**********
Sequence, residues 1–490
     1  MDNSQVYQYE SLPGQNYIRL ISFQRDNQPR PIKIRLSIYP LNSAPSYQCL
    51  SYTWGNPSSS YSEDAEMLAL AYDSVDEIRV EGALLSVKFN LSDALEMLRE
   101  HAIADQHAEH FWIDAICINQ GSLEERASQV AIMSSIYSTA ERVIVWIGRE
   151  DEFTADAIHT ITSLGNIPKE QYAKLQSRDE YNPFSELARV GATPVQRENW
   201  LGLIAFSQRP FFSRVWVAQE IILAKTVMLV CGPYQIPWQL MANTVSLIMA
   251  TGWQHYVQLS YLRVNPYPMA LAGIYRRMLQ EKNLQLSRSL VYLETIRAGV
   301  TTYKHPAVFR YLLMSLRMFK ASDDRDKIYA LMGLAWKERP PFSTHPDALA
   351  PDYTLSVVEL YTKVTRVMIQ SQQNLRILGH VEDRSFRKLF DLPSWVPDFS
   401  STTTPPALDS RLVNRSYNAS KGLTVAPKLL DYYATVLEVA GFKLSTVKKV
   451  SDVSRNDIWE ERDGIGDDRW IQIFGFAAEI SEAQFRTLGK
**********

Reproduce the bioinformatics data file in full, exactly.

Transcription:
Sequence, residues 1–490
     1  MDNSQVYQYE SLPGQNYIRL ISFQRDNQPR PIKIRLSIYP LNSAPSYQCL
    51  SYTWGNPSSS YSEDAEMLAL AYDSVDEIRV EGALLSVKFN LSDALEMLRE
   101  HAIADQHAEH FWIDAICINQ GSLEERASQV AIMSSIYSTA ERVIVWIGRE
   151  DEFTADAIHT ITSLGNIPKE QYAKLQSRDE YNPFSELARV GATPVQRENW
   201  LGLIAFSQRP FFSRVWVAQE IILAKTVMLV CGPYQIPWQL MANTVSLIMA
   251  TGWQHYVQLS YLRVNPYPMA LAGIYRRMLQ EKNLQLSRSL VYLETIRAGV
   301  TTYKHPAVFR YLLMSLRMFK ASDDRDKIYA LMGLAWKERP PFSTHPDALA
   351  PDYTLSVVEL YTKVTRVMIQ SQQNLRILGH VEDRSFRKLF DLPSWVPDFS
   401  STTTPPALDS RLVNRSYNAS KGLTVAPKLL DYYATVLEVA GFKLSTVKKV
   451  SDVSRNDIWE ERDGIGDDRW IQIFGFAAEI SEAQFRTLGK